Poll Closing Date: Thursday, 15 December 2022 00:00 (in 1 week)
What was the best Nigerian pop album or EP in 2022?
― rob, Wednesday, 16 November 2022 14:26 (two weeks ago) link
My short list: Asake, Rema, Wizkid, with R&R as the current frontrunner
The Omah Lay and BNXN are excellent too, and Burna could have been shortlisted with some trimming—there are probably as many minutes of good music on Love, Damini as there are on Mr Money
― rob, Wednesday, 16 November 2022 14:33 (two weeks ago) link
Rema over Wizkid and Omah Lay for me. This makes perfect sense as a trinity to me.
Interesting to see how afropop has moved towards becoming an album-genre isn't it.
I agree with breastcrawl Never Forget is probably afro-SOTY, with the killer charm of Kenkele-In my Mind not far behind. Special mention also to Something by Gyakie for having my favorite chorus of the year (a bit the equivalent of Dunnie the year before).
― Nabozo, Wednesday, 16 November 2022 15:48 (two weeks ago) link
right now it'd be Rema for me but i've listened to that album a lot more than anything else this year
― Burnt Norton 360 (Noodle Vague), Wednesday, 16 November 2022 15:56 (two weeks ago) link
Oh and Finesse, arguably the biggest hit of the year.
― Nabozo, Wednesday, 16 November 2022 15:58 (two weeks ago) link
yes! this is why I made this poll—it feels like a genuinely remarkable change
― rob, Wednesday, 16 November 2022 16:32 (two weeks ago) link
I'll definitely vote for Asake but all of these are great-to-awesome.
― human and working on getting beer (longneck), Wednesday, 16 November 2022 20:02 (two weeks ago) link
rema or asake but wizkid is nipping at their heels
― comedy khadafi (voodoo chili), Wednesday, 16 November 2022 20:21 (two weeks ago) link
good poll, rob! for me it’s between Rema, Asake and Wizkid, with Omah (and perhaps Basketmouth?) somewhat behind in their slipstream.the Asake thing is a work of art.
― big movers, hot steppers + long shaker intros (breastcrawl), Wednesday, 16 November 2022 20:26 (two weeks ago) link
_Interesting to see how afropop has moved towards becoming an album-genre isn't it._yes! this is why I made this poll—it feels like a genuinely remarkable change
― big movers, hot steppers + long shaker intros (breastcrawl), Wednesday, 16 November 2022 20:57 (two weeks ago) link
an extension of this is the whole touring thing. Afropop has become an integral part of the international touring ecosystem as well. it has simply exploded after the pandemic years. in the past four months we have had the following artists playing Amsterdam, most of them selling out the (mainstream) venues they were performing in:Tiwa SavageKidi + Kuami EugeneThe Cavemen.RemaCruel SantinoAdekunle GoldFireboy DMLOxlade (his was a more like a PA, I believe)(The Brother Moves On: not afropop, different circuit, but still)King PromiseCKay…and Wizkid will be here next week!so yeah, I want to highlight CKay (who I saw two nights ago) because I forgot to mention his album when rob asked for suggestions for this. it’s pretty good as well - not that I would vote for it, but like the Omah album it goes for a specific vibe and stays the course. I like the kind of modern kizomba vibe of the songs with lusophone and francophone duet partners.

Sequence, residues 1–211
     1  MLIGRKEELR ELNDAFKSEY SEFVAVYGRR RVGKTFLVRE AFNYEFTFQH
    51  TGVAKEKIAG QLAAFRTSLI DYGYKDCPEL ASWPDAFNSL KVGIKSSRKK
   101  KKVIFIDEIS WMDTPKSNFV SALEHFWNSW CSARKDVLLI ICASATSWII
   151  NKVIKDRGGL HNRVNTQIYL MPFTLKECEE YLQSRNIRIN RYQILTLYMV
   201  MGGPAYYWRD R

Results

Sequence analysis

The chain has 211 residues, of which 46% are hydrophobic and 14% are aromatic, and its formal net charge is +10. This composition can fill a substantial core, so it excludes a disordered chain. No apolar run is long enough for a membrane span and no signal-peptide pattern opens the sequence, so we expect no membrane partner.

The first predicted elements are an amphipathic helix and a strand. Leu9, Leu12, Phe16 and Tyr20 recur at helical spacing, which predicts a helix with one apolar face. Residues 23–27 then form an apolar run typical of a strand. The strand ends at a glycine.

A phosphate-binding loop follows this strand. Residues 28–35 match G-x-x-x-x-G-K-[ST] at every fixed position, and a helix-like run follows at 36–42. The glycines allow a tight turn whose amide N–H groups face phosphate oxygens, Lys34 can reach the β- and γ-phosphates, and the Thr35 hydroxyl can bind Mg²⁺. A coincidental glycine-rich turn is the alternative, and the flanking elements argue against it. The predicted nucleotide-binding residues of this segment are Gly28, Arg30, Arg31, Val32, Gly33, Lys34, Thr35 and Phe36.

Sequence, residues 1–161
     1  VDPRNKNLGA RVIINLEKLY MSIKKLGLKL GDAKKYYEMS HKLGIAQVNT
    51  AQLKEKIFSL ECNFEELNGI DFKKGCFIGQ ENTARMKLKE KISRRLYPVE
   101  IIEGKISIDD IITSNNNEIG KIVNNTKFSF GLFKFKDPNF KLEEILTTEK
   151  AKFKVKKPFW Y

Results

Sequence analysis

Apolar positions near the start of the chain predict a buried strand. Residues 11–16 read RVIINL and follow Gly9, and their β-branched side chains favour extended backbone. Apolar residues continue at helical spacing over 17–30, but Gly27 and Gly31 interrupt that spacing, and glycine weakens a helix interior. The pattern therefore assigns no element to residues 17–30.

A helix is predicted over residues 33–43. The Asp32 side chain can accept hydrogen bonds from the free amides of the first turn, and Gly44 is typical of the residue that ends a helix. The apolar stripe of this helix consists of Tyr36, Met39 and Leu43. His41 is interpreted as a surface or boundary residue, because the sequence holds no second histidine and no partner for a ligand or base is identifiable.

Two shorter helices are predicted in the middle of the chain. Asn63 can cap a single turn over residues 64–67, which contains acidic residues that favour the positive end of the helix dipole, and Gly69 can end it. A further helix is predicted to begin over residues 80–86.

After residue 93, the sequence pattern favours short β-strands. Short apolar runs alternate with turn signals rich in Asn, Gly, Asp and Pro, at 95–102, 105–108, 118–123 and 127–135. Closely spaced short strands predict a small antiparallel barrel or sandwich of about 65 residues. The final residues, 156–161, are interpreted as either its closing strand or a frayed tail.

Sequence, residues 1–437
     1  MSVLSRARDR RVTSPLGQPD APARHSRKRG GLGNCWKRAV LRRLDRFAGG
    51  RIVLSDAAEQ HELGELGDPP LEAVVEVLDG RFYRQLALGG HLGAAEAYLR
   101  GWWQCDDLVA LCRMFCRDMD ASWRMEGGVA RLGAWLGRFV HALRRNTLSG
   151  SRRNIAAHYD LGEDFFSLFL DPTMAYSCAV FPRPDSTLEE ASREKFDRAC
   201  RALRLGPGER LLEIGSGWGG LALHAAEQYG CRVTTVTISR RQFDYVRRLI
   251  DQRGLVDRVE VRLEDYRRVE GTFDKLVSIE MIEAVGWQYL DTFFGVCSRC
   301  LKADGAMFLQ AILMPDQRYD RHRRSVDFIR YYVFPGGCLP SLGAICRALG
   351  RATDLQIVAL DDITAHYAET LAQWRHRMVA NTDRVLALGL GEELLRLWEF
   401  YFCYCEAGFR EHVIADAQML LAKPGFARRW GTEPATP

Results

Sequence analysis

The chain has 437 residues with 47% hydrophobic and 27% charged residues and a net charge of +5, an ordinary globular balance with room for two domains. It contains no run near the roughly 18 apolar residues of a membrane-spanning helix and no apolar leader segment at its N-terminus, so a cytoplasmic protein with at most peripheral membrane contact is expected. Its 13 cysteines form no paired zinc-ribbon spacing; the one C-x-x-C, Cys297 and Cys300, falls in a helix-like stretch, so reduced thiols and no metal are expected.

― big movers, hot steppers + long shaker intros (breastcrawl), Wednesday, 16 November 2022 21:21 (two weeks ago) link
Asake is currently my aoty, so voting for that. breastcrawl otm, but I think this year it seemed like a tipping point, where there's enough good afropop albums as collection of songs, so now everyone has to find out ways to make their release stand out as an album. I think More Love, Less Ego is a lot more cohesive than Made In Lagos, for instance. My ballot will be quite dominated by naija albums, I think.
Burna Boy is headlining Roskilde next year in another sign of afropop taking over the world :)
― Frederik B, Wednesday, 16 November 2022 21:41 (two weeks ago) link
rema is probably my favourite but i haven't listened to all of these yet
― ufo, Wednesday, 16 November 2022 23:42 (two weeks ago) link
me neither tbh, though I did get around to checking out TBH (To Be Honest) the other day
I revisited Boy, Alone yesterday and now I think I'd include that in my shortlist for sure; it's not as immediately grabby as Mr Money but I think it might be deeper
ultimately though, this is Rave & Roses for me
― rob, Thursday, 17 November 2022 14:22 (two weeks ago) link
wanna give a special mention to the excellent obongjayar album some nights i dream of doors. prob not “naija” or “pop” enough for this poll but def one of my fav albums this year
― comedy khadafi (voodoo chili), Thursday, 17 November 2022 14:25 (two weeks ago) link